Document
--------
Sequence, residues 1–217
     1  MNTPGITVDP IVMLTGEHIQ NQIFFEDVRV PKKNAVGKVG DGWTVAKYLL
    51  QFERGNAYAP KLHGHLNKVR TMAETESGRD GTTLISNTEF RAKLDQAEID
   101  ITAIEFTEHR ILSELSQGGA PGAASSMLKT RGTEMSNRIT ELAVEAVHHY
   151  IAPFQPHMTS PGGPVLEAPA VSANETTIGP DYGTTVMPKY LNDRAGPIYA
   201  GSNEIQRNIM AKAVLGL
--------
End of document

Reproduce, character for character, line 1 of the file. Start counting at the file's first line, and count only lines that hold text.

Sequence, residues 1–217